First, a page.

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ACS Meeting News

Hybrid meeting divulges structures of drug candidates

Industry chemists presented potential treatments for diseases including cancer and Alzheimer’s

by Leigh Krietsch Boerner
March 25, 2022


Popping up midweek at the ACS Spring 2022 meeting, the crowd-favorite session “First-Time Disclosures” gave attendees an uncommon peek at drug candidates the medicinal chemistry industry has been working on. Cancer targets proved to be a focus for many companies, as usual: three out of the six companies presented potential cancer therapies. Scientists also revealed drugs to treat Alzheimer’s disease, inflammatory skin disorders, and hereditary angioedema, a rare disease that causes swelling in the body. Session organizer Nicole Goodwin from GlaxoSmithKline called the session, which was organized by the Division of Medicinal Chemistry, “an excellent array of programs across all different therapeutic areas showcasing novel and high-profile targets in the industry.” She also noted that all these companies progressed their research despite the many setbacks the pharmaceutical industry has had to deal with during the COVID-19 pandemic. Here are the drug candidates presented at the session.

Chemical structure of LY3372689.

Candidate: LY3372689

Presenter: Dustin Mergott, Eli Lilly and Company

Target: O-GlcNAcase enzyme

Disease: Alzheimer’s disease

Dustin Mergott delved into the inner workings of how Alzheimer’s disease affects the brain. There are about 40 million people living with the disease worldwide , Mergott said. In the disorder, tau proteins, responsible for keeping the ends of neurons stable, aggregate and damage neuron function. The O-GlcNAcase (OGA) enzyme removes a glycose from the tau protein, making the protein more susceptible to aggregation. Mergott’s team at Eli Lilly and Company found that blocking OGA in mouse models slowed the aggregation of tau proteins by 50%. The researchers sought their top candidate by starting with several small molecules that fit into the binding pocket of OGA and reduce tau aggregation.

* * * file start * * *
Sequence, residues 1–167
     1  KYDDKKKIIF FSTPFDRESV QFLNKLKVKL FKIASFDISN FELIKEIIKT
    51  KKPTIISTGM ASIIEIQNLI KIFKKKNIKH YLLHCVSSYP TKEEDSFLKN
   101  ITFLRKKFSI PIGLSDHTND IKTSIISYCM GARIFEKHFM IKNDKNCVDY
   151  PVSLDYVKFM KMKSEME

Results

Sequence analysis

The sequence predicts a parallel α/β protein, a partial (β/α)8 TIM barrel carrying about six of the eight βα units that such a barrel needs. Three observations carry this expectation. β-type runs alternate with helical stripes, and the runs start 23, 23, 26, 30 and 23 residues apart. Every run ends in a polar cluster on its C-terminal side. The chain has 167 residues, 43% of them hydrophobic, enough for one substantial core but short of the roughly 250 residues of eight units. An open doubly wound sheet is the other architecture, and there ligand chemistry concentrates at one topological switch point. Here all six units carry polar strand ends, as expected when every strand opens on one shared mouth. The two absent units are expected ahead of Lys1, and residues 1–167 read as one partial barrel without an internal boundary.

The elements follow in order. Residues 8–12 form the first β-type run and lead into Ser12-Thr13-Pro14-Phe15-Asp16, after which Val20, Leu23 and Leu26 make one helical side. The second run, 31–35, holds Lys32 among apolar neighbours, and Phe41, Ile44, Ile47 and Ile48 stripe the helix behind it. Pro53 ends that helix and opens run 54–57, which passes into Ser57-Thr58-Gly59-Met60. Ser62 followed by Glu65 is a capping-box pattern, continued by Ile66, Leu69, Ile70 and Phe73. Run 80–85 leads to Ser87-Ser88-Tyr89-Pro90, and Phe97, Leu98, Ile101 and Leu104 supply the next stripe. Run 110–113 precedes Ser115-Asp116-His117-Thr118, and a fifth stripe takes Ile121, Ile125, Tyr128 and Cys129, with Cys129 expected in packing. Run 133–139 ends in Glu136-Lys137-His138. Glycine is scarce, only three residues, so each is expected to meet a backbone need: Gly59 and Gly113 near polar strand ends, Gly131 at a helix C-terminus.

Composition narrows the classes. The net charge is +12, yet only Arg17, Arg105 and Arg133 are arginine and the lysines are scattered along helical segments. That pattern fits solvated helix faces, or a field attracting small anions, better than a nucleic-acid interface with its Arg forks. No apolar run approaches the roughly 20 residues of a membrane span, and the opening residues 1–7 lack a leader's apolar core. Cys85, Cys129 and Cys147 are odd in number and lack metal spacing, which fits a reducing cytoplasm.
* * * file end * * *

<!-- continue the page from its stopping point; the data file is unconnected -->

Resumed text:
Through examining crystal structures of the different compounds bound to the OGA protein, the group discovered that substituting carbon atoms for heteroatoms, adding fluorines, and jiggering the structure to make the protein close around the compound all contributed to longer and stronger binding. The group eventually homed in on the compound it calls LY3372689, which stayed in the OGA enzyme for 14 days after a 1 mg dose and showed minor adverse effects in early clinical trials. The compound is currently in a Phase 2 clinical trial, and the team expects results in June 2024, Mergott said.

Chemical structure of AZD9574.

Candidate: AZD9574

Presenter: Jeffrey Johannes, AstraZeneca

Target: Poly(ADP-ribose) polymerase 1

Disease: Cancer